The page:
Facebook’s Pied Piper IPO Supposedly Priced at $28-$35
Pricing never happens until the night before an IPO
By: Maureen O'Gara
May. 7, 2012 07:15 AM
The great Facebook IPO is supposed to happen on Friday May 18.
The company's big investor-pitching pre-IPO roadshow is supposed to kick off this Monday and only see some appearances by Facebook founder Mark Zuckerberg, according to the Wall Street Journal. CFO David Ebersman and COO Sheryl Sandberg will reportedly handle the bulk of the meetings. Initial East Coast meetings are supposed to be stuffed to the gills. But you can see the video now (http://facebook.retailroadshow.com/launch.html).
Real pricing never happens until the night before an IPO. But it claimed in a regulatory filing late Thursday that it's shooting for $28-$35 a share, a relatively broad range that values the joint at $96 billion under the magical $100 billion, leading the smart money to think it and its underwriters are aiming for a pop.
There'll be at least 337.4 million shares on offer. And there might be an overallotment. There will be class A and B stock after the IPO.
Early investors like Accel, Goldman Sachs, Russia's Digital Sky Technology and Microsoft are going to be selling some of 1547.4 million shares to Google's 180 million.
Mark Zuckerberg, who's about to turn 28, could be worth $16 billion-$19 billion and gets to keep 58% control over his creation according to promises made about voting. He'll only own 31.5% after the IPO. He himself has to sell 30.2 million of his 533.8 million shares to pay a whopping tax bill to cover his exercising stock options.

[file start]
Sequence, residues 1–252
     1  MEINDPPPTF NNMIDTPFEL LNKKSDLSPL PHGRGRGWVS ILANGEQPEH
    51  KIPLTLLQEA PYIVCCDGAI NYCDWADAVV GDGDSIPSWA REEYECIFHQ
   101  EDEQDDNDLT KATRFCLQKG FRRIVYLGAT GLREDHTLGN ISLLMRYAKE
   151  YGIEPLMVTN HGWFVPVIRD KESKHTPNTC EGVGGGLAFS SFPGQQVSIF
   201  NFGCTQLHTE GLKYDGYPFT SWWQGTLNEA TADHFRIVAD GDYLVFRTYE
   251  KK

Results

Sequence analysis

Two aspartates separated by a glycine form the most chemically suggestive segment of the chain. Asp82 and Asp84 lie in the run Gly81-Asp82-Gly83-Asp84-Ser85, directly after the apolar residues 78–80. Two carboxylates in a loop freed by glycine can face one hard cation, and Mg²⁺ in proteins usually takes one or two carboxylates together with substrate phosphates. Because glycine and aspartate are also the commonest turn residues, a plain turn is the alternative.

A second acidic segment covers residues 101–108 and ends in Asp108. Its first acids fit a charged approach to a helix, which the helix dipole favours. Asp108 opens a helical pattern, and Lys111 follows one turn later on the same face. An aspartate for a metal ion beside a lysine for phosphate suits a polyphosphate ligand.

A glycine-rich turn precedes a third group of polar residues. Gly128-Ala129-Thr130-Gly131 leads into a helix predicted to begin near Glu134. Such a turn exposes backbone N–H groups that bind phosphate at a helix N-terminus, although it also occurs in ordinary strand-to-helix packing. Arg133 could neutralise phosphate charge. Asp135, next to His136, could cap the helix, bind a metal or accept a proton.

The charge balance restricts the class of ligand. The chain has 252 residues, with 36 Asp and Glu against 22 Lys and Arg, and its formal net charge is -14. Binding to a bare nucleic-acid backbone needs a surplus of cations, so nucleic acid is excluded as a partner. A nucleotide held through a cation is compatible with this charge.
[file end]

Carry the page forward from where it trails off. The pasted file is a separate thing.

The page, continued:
Figure he'll take home $5.5 billion.
Facebook itself is only likely to see about $5.6 billion.
Yahoo has tried to crimp Facebook's style by suing it for patent infringement - which is how Yahoo got a pre-IPO settlement out of Google - and now the Journal writes that national advertisers are having doubts about the effectiveness of ads on social media sites, leaving bankers to fret over their fashionable appraisals.
Facebook's Q1 revenues were up 37% year-over-year to $872 million but down 7.5% sequentially. It blamed "seasonal trends." Total revenue last year was $3.7 billion, up 88%.
Google, which is worth close to $200 billion, did $36.5 billion in ad revenue last year. It raised a mere $1.9 billion when it IPO'd in 2004 at valuation of ~$23 billion.
Its Nasdaq ticker symbol will be FB.
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